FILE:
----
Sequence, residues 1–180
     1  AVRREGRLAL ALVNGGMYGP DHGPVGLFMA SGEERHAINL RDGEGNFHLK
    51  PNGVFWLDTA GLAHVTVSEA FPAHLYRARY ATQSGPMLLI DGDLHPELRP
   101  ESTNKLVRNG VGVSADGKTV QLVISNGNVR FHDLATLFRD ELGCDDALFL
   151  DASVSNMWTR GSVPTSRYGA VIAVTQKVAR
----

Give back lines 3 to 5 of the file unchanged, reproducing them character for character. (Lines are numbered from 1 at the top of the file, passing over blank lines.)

    51  PNGVFWLDTA GLAHVTVSEA FPAHLYRARY ATQSGPMLLI DGDLHPELRP
   101  ESTNKLVRNG VGVSADGKTV QLVISNGNVR FHDLATLFRD ELGCDDALFL
   151  DASVSNMWTR GSVPTSRYGA VIAVTQKVAR